Adams, J D (ed.) 1990, Notes on Gippsland History by Reverend George Cox

Vol 1 The Exploration of Gippsland, Shire of Alberton and Yarram and District Historical Society, 1990
Vol 2 The Beginnings of Gippsland, Port Albert Maritime Museum and Yarram and District Historical Society, 1990
Vol 3 The Alberton District 1842-3, Port Albert Maritime Museum and Yarram and District Historical Society, 1990
Vol 4 Gippsland in the 1840s, Port Albert Maritime Museum and Yarram and District Historical Society, 1990
Vol 5 Alberton District from 1844 to the 1850s, Port Albert Maritime Museum, 1997
Vol 6 The Beginning of Church and School in Gippsland, Port Albert Maritime Museum, 1997

The Defence of the Nation: The White Australia Policy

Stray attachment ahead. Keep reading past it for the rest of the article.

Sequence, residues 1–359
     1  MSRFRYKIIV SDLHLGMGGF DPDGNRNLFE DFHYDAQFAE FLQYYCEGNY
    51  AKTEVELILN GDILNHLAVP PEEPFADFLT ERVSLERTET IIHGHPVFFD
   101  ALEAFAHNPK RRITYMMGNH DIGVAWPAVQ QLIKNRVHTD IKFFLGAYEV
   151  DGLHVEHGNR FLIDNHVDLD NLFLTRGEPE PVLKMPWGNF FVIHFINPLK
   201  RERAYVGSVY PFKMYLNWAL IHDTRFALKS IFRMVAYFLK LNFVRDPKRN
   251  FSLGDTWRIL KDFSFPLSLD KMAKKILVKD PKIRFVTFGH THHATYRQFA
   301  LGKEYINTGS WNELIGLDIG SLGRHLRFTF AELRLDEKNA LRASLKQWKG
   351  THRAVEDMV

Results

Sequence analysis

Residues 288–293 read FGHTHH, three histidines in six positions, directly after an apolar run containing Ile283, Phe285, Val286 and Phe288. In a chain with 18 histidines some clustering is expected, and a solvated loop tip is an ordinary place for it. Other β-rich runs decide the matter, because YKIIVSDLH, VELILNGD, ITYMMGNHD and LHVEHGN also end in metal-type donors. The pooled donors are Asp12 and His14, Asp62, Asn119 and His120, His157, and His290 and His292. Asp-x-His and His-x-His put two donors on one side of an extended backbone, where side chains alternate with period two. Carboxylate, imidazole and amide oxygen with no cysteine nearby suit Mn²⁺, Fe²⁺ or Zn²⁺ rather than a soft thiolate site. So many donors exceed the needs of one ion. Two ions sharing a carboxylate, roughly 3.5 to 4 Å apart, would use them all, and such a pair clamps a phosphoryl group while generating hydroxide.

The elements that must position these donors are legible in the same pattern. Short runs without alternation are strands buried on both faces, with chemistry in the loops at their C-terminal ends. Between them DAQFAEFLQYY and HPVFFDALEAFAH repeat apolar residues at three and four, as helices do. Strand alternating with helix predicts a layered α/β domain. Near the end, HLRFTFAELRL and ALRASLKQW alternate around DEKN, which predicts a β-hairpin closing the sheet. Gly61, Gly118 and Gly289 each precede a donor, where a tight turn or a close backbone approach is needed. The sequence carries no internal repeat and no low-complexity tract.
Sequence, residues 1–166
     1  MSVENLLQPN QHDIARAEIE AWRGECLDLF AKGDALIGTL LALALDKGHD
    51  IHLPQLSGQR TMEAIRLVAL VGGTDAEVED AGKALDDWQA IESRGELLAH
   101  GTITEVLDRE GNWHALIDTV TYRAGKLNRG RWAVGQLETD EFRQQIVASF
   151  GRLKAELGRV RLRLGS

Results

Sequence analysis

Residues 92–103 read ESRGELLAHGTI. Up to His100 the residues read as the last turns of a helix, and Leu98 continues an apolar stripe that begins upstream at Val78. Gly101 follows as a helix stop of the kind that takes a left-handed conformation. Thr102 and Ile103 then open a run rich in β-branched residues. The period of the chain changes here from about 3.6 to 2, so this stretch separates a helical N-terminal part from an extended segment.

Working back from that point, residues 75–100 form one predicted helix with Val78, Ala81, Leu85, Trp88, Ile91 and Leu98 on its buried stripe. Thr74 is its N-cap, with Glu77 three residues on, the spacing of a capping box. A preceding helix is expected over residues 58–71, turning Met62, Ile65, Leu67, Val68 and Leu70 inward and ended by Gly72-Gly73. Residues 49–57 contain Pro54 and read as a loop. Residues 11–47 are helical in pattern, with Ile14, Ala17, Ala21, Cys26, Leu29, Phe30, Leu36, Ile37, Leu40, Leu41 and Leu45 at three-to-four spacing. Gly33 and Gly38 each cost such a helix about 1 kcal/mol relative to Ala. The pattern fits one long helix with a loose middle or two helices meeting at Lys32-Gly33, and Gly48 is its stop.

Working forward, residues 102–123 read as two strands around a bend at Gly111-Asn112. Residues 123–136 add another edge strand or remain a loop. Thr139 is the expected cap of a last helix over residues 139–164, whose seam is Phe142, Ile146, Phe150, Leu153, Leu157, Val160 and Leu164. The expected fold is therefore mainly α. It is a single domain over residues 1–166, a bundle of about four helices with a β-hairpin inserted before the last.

Between Federation and the outbreak of WW1, Australia’s ongoing fear of invasion was tied inextricably to its fear that White Australia could be either undermined or overwhelmed by Asia. The stereotypical bogeyman of Asia was China; but for those most closely associated with defence policy the real threat was the new power of Japan. Therefore, defence policy was tied not simply to the creation of a navy and military forces to protect the territorial integrity of Australia, but also to the establishment of ‘statutory armour’ (Kendall p.33) to safeguard the racial integrity of White Australia. The concurrency of these two policy streams was to cause tension in relations with the Mother Country. From Australia’s perspective, Britain simply did not understand how crucial the White Australia Policy was to its very existence. For Britain, Australia’s preoccupation with race was a distraction that could compromise its foreign policy.